(Texas Tech University, 1998-05) Gilliam, Xiaoning Li

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Wavelet analysis is a rapidly developing area of mathematical and application-oriented research in many disciplines of science and engineering. The wavelet transform, which localizes signals in space and scale, has become a popular tool for analyzing and understanding coherent structures in random fluid flows, especially in the atmospheric boundary layer.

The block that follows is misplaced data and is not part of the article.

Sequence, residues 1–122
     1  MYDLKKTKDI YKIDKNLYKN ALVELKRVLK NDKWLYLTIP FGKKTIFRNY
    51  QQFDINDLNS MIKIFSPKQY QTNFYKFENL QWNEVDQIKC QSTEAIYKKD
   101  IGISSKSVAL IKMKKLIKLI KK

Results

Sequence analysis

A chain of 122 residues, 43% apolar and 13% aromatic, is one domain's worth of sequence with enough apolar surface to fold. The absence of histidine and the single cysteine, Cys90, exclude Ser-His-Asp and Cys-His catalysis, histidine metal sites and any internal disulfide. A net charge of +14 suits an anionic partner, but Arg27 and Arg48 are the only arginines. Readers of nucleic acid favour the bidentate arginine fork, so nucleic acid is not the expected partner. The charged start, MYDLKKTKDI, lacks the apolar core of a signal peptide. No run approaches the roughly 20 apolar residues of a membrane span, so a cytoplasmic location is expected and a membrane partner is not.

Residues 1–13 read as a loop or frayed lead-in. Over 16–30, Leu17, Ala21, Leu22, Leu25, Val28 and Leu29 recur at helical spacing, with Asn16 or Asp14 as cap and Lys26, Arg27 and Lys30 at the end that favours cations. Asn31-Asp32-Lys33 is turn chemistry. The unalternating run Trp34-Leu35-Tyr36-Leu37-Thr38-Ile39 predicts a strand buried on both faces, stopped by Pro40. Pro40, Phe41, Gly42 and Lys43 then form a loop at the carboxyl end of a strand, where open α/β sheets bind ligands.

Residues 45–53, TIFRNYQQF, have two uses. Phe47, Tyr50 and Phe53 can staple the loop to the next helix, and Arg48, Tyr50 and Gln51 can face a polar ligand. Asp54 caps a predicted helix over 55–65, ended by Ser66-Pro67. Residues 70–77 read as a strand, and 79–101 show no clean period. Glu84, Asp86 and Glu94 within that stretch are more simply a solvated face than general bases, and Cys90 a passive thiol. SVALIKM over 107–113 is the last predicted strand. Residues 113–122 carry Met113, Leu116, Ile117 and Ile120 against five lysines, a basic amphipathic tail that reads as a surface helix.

In this dissertation, a statistical technique is developed to separate coherent structures in the wavelet transform from fluctuations due to incoherent noise. This technique (coherent structure detector) is based on one of the oldest methods in nonparametric statistics: the development of a randomized reference distribution. To build our randomized reference distribution, we first calculate the Discrete Fourier Transform of the signal. From this, we build a large number of exemplars by keeping the Fourier transform magnitude but randomizing the phase. Thus each exemplar has exactly the same power spectrum as the signal but is known to be incoherent. Each exemplar is then wavelet transformed to provide incoherent transform exemplars. At each scale order statistics are accumulated from the group of wavelet transform exemplars. These order statistics are used to provide the thresholds and corresponding p-values at each scale. This provides our statistical test, from which we identify the statistically significant information in the signal.